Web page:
“Synechia” is the medical term for adhesions or fibrous bands that bind two ocular structures that are meant to be separate. There are two different forms: anterior or posterior. Anterior synechia involves the bonding together of the iris and the cornea and posterior synechia is the fusing of the iris to the lens. Your iris is the coloured part of your eye that is suspended behind the cornea and immediately in front of the lens. It regulates the amount of light entering the eye by adjusting the size of the pupil. While it is a rather infrequent condition the anterior version tends to occur more often.
Anterior synechia can occur as a result of:
Posterior synechia can occur as a result of:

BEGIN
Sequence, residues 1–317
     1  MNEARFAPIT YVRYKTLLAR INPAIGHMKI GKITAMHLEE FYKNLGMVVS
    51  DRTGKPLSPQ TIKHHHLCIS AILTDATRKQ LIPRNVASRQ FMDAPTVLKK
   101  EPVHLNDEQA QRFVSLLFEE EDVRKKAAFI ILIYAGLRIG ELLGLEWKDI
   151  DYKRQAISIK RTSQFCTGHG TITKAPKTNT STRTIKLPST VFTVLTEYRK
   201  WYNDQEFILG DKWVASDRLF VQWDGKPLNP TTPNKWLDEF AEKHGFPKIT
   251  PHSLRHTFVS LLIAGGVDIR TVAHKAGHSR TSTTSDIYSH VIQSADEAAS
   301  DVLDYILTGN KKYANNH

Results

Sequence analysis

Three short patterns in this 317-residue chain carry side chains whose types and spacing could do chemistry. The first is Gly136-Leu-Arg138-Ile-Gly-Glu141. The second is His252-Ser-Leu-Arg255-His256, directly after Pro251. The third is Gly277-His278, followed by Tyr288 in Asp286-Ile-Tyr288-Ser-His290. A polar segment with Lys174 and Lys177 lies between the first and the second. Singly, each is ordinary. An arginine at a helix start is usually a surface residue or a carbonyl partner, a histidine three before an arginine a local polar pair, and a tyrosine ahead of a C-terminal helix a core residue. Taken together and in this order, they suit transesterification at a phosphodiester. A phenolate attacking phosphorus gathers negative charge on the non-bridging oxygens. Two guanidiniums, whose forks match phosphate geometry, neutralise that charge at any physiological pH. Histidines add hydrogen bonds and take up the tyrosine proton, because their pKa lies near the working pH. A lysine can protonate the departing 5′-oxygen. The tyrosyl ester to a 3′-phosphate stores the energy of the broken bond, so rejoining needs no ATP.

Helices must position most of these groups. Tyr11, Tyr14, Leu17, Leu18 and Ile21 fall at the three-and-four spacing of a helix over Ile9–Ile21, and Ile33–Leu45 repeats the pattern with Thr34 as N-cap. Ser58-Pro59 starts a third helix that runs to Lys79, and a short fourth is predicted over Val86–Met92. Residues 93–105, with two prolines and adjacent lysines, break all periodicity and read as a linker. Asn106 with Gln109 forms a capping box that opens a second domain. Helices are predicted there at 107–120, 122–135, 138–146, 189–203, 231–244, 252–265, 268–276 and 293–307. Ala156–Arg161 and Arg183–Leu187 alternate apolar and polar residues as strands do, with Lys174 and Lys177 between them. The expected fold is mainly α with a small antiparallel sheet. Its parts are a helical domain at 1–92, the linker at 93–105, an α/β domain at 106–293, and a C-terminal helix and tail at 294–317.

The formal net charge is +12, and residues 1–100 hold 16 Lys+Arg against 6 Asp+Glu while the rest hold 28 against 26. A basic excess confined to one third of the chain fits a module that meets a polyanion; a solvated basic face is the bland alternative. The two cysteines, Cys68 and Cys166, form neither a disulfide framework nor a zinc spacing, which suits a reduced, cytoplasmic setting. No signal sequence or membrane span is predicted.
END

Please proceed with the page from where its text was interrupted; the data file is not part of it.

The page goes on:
- inflammation (i.e. – iritis trauma)
Either type can be a serious trigger for angle-closure glaucoma. For example if a membrane forms between the trabecular meshwork (the area inside the front part of the eye through which the fluid leaves the eye) and the iris the angle of filtration will eventually close. Failure of this system leads to a rise in intraocular pressure which is the main cause of glaucoma. In addition to this posterior synechia can sometimes result in an irregularly shaped pupil.